Special delivery…….

We’ve had a terrible shortage of fog in the Shropshire Hills recently, so, enterprising farmers have taken to importing it and using farm machinery to distribute it. 


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Shropshire in a photo?

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There are many famous landmarks in Shropshire. We have some very prominent and well known hills, such as Wrekin and the Clees. The Wrekin is a welcome sight to many returning to the County from the Midlands, as it stands guard over Telford and the M54.

The lesser known peaks and valleys are the ones that give me most pleasure. About a mile from my house is a road called Drury Lane (not the famous Savvern version). It’s just about wide enough for a tractor, and you’ll probably meet one if you venture up there. Drury Lane was once the drovers route that led to Welshpool. You can follow its course all the way up to Stapeley and Corndon, and then beyond into Wales.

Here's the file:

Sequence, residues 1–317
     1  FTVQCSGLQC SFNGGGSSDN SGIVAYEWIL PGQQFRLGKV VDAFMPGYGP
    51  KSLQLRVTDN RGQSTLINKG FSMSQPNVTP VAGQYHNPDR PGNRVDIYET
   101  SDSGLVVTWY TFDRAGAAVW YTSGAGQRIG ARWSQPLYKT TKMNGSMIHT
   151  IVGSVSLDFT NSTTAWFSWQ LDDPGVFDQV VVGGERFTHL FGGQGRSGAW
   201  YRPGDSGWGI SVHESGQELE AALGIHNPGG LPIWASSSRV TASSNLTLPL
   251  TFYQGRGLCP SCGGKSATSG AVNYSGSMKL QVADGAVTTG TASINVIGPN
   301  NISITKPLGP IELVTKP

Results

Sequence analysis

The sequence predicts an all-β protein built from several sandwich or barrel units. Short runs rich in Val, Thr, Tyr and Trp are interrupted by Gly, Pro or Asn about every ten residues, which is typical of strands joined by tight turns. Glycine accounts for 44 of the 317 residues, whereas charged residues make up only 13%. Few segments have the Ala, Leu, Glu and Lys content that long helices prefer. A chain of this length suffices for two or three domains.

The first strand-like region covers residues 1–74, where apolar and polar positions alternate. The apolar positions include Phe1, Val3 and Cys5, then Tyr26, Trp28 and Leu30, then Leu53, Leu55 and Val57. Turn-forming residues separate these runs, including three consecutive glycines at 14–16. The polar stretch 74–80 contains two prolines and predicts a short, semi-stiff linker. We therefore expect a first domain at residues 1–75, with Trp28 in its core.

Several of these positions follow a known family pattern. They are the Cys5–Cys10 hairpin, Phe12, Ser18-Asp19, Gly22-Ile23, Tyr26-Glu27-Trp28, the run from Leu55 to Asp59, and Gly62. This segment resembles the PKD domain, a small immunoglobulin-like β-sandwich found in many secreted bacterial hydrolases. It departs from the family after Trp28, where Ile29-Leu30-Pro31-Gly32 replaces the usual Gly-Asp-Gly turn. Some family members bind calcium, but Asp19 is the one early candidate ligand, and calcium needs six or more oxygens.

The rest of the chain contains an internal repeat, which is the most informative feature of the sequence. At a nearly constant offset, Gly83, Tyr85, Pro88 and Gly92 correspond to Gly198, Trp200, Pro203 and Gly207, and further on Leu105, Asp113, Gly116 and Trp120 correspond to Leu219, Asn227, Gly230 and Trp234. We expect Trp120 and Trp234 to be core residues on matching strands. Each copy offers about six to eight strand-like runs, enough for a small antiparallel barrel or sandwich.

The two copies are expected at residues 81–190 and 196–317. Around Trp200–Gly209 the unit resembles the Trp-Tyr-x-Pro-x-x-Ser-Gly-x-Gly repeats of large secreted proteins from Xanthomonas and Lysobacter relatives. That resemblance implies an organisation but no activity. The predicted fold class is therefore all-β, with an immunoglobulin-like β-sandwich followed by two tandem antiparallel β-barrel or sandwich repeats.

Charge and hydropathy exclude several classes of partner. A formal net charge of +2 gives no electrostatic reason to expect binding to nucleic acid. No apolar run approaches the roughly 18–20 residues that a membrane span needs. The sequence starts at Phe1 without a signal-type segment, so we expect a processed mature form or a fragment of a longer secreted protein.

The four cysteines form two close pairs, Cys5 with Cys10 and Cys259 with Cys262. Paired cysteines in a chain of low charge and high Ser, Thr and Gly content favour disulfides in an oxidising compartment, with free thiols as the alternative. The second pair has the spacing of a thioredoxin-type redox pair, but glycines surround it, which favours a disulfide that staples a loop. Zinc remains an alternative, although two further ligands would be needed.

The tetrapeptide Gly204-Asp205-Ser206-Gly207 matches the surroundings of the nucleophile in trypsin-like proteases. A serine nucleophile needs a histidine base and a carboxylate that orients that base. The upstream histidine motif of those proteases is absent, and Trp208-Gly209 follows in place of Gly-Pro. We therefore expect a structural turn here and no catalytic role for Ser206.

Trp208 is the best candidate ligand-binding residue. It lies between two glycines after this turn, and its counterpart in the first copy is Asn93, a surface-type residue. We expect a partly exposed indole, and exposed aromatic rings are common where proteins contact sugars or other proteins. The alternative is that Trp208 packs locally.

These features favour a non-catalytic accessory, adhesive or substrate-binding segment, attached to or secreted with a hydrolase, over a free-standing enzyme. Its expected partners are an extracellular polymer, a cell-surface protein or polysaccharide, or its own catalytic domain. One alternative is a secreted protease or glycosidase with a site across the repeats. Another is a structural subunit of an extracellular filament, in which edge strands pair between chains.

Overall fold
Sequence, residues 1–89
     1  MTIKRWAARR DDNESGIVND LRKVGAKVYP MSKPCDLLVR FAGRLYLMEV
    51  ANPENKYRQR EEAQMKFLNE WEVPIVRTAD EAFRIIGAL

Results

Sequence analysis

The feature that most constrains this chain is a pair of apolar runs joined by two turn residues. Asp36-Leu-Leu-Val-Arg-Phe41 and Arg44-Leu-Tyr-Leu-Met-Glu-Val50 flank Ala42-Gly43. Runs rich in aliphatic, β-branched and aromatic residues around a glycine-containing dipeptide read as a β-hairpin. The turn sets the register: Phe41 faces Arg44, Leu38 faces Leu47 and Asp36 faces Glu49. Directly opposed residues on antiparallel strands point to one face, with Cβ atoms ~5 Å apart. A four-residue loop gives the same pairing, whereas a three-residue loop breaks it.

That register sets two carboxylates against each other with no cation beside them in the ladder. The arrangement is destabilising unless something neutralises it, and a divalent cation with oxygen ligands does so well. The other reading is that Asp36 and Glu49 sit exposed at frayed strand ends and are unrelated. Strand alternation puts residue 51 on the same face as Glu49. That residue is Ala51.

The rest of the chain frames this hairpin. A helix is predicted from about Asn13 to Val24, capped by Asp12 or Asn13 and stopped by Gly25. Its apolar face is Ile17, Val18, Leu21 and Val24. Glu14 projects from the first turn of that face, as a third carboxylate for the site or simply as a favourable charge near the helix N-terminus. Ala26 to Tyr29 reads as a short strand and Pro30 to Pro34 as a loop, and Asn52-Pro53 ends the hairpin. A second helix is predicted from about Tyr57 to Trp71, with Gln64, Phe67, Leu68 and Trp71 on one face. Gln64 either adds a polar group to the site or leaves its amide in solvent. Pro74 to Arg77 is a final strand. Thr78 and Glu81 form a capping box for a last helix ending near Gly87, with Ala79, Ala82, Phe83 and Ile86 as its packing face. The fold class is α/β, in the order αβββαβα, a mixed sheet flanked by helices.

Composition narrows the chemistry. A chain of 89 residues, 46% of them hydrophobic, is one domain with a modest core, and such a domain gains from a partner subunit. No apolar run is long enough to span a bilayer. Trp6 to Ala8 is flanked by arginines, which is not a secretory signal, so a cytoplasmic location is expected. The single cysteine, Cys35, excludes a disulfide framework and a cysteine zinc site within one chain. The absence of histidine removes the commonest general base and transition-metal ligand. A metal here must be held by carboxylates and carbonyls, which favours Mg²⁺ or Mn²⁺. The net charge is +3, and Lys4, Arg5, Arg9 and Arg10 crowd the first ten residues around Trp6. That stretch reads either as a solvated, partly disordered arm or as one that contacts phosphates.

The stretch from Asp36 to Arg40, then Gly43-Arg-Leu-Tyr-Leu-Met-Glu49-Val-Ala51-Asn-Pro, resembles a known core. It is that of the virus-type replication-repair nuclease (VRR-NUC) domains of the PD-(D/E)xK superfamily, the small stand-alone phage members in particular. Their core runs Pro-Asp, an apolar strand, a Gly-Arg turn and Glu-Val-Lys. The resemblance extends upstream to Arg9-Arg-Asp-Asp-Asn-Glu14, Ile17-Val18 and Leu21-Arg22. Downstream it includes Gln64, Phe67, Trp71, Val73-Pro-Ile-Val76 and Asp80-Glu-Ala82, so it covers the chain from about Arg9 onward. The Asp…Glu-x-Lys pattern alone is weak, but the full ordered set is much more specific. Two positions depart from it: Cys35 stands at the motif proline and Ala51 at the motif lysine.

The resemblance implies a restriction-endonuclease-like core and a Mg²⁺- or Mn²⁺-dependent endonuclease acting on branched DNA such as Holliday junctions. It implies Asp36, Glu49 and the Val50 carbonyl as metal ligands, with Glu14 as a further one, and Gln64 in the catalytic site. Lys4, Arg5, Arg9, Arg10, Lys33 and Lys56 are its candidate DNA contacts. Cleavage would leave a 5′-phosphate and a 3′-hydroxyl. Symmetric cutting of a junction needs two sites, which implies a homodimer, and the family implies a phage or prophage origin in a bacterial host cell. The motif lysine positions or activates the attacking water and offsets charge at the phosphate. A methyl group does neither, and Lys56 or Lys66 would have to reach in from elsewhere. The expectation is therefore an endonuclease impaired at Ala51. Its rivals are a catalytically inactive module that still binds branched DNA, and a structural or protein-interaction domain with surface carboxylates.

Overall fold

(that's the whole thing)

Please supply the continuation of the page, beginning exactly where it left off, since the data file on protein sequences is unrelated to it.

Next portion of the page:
To the side of Drury Lane, and visible for miles around here, is a coppice of trees known as the Bromlow Callow. The Callow, as it’s locally known, was made famous by Mary Webb in her 1917 novel Gone to Earth.

The Callow is a magical and mysterious spot that has been visible on the local skyline for several Centuries. In the photo above, it is the ring of trees in the left, standing guard over the hamlet of Bentlawnt. This photograph captures some of the essence of Shropshire. Hedgerows, fields, woodlands, cottages, smoking chimneys, winding country lanes and mismatched cottages.

The photo below is a closer view of our famous Callow taken in late Autumn.

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Shropshire: Lanes & Hedgerows

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The sunken lane that leads up to one of the fields is framed perfectly by ancient overhanging hedges. A stream trickles down the centre, and foxgloves grow in the verges. With happy ponies there to greet us, Shropshire was definitely looking good tonight.